# Eneagon

The eneagon or nonagon is a geometric figure with nine sides. It also has nine vertices and nine interior angles.

That is, the enegon is a polygon that has nine sides, so it is more complex than an octagon or a heptagon.

It should be remembered that a polygon is a two-dimensional (two-dimensional) figure made up of a set of consecutive segments that do not belong to the same line, and that form a closed space.

## Elements of the eneagon

Taking the image below as a reference, the elements of the enegon are the following:

- Vertices: A, B, C, D, E, F, G, H, I.
- Sides: AB, BC, CD, DE, EF, FG, GH, HI and AI.
- Interior angles: α, β, δ, γ, ε, ζ, η, θ, i. They add up to 1260º.
- Diagonals: There are 27 and they start at 5 of each interior angle: AC, AD, AE, AF, AG, AH, BD, BE, BF, BG, BH, BI, CF, CG, CE, CH, CI, DF, DG , DH, DI, EG, EH, EI, FH, FI, GI.

## Eneagon types

According to their regularity, we have two types of eneagons:

- Irregular: Their sides (and their internal angles) are not equal, at least one differs.
- Regular: Their sides measure the same, like their interior angles that are each one of 140º.

## Perimeter and area of the enegon

To better understand the characteristics of the enegon, we can follow the following formulas:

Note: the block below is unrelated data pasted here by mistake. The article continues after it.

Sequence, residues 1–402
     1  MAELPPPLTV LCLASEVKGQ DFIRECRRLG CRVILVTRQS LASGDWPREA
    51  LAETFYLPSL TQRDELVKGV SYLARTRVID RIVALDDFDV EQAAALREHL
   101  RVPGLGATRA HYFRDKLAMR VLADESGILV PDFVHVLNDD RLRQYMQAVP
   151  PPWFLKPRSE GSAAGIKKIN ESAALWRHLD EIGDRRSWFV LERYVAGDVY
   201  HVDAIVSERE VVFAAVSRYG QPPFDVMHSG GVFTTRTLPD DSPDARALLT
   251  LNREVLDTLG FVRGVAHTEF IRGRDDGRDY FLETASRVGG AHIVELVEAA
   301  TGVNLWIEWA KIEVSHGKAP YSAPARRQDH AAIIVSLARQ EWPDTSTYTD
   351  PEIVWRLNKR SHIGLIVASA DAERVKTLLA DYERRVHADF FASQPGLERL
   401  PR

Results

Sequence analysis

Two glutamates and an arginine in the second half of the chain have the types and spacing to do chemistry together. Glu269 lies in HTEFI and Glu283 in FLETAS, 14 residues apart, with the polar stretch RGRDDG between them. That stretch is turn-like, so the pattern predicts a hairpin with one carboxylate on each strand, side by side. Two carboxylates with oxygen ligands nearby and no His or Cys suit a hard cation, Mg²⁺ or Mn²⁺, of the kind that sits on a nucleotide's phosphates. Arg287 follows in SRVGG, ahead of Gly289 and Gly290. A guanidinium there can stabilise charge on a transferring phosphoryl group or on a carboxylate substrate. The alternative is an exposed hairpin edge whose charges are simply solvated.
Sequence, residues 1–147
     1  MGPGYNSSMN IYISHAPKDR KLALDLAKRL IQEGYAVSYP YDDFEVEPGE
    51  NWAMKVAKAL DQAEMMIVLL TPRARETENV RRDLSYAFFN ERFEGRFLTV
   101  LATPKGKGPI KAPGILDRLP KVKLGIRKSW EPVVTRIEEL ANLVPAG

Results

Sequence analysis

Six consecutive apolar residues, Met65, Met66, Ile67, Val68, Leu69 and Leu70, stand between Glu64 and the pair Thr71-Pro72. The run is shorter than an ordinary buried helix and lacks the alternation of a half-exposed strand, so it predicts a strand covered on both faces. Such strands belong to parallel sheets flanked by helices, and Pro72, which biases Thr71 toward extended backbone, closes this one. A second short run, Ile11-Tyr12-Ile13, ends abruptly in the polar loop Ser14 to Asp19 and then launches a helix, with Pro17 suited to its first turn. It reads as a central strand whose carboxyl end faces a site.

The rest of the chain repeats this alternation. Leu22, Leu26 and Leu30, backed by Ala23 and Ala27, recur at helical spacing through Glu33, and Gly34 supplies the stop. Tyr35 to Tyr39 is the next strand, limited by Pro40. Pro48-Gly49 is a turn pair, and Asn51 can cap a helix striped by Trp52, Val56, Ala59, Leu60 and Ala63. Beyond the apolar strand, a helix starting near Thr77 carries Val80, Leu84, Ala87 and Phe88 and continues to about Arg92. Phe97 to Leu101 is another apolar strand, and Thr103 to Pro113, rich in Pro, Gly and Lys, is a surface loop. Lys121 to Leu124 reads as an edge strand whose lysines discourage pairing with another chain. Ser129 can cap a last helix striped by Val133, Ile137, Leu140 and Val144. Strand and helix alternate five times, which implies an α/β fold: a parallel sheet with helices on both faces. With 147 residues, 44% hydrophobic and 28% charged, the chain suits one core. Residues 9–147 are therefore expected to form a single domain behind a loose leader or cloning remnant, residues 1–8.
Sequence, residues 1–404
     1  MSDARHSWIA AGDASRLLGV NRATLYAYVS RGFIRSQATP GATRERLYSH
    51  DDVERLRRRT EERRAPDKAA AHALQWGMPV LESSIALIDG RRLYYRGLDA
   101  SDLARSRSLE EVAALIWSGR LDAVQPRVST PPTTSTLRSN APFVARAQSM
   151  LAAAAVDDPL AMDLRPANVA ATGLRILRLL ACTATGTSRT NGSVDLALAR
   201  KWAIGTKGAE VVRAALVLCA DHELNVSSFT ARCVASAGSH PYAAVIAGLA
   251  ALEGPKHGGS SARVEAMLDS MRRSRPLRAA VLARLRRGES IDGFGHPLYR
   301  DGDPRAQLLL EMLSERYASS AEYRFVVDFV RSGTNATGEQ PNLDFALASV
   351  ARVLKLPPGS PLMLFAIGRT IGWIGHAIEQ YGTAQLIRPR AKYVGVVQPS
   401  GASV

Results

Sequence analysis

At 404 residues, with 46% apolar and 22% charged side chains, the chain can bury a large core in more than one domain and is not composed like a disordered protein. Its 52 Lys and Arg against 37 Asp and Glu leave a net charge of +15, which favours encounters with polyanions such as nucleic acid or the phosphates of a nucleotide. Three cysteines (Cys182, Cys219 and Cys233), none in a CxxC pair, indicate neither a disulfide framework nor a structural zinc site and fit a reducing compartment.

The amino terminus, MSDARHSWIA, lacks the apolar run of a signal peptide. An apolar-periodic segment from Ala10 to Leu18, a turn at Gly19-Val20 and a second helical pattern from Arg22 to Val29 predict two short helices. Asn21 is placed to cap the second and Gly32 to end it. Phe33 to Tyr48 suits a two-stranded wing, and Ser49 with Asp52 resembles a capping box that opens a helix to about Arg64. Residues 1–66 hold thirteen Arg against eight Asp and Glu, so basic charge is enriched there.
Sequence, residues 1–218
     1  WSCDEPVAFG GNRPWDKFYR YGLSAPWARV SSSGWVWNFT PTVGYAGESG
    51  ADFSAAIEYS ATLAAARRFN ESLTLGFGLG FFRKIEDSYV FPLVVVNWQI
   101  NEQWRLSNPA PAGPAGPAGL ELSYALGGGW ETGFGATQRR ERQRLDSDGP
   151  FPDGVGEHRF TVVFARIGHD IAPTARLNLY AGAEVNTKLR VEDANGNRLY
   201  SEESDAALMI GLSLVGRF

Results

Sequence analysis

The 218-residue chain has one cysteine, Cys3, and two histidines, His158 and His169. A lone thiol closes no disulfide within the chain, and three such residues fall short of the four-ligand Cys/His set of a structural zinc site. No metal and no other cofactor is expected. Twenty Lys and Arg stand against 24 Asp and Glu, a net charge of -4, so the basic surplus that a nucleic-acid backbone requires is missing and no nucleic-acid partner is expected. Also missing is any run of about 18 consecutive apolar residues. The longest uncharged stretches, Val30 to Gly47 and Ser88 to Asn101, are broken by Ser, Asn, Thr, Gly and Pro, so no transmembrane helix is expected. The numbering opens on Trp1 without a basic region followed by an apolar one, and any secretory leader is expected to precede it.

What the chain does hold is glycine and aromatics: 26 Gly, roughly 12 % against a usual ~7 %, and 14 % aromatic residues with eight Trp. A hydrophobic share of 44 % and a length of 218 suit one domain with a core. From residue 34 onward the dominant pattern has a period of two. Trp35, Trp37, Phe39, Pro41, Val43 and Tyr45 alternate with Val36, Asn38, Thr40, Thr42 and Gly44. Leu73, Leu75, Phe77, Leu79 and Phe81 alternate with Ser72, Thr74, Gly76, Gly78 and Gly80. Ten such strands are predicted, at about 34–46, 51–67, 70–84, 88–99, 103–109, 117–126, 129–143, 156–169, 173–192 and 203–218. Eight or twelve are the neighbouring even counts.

- Perimeter (P): We add the sides of the figure: P = AB + BC + CD + DE + EF + FG + GH + HI + AI. If the enegon is regular, just multiply the side length (L) by 9: P = 9xL
- Area (A): Let's look at two cases. First, when the figure is irregular, it can be divided into several triangles (see image below). If we know the length of the diagonals drawn, we can calculate the area of each triangle (following the steps we explained in the triangle article) and then do the summation.

In a second case, if the enegon is regular, we multiply the perimeter by the apothem (a) and divide it by two, as we see in the following formula:

The apothem is defined as the line that joins the center of a regular polygon with the midpoint of any of its sides. Between the apothem and the side of the polygon, a right angle is formed (measuring 90º). Then, it is possible to express the apothem as a function of the length of the side of the enegon.

First, let's observe in the image above that the central angle (α) in the eneagon is equal to the division of 360º by 9, that is, 40º. Next, we note that triangle SJT is a right triangle (S is the midpoint of the polygon). The hypotenuse is SJ, one leg is L / 2 (half the length of the side), and the other leg is apothem (a). Similarly, α / 2 is 20º (40/2). So, let's remember that the tangent (tan) of the angle of a right triangle is equal to the opposite leg (L / 2) between the adjacent leg that is apothem (a) and we solve it as follows, taking as reference the angle α /2:

Then we plug in a into the formula for the area. In this way, we will have the equation as a function of L (the side of the enegon):

## Eneagon example

Suppose we have a regular enegon with a length of its sides of 18 meters. What is the perimeter and area of the polygon?

Therefore, the area of this enegon is 2002.9110 m2 and the perimeter is 162 meters.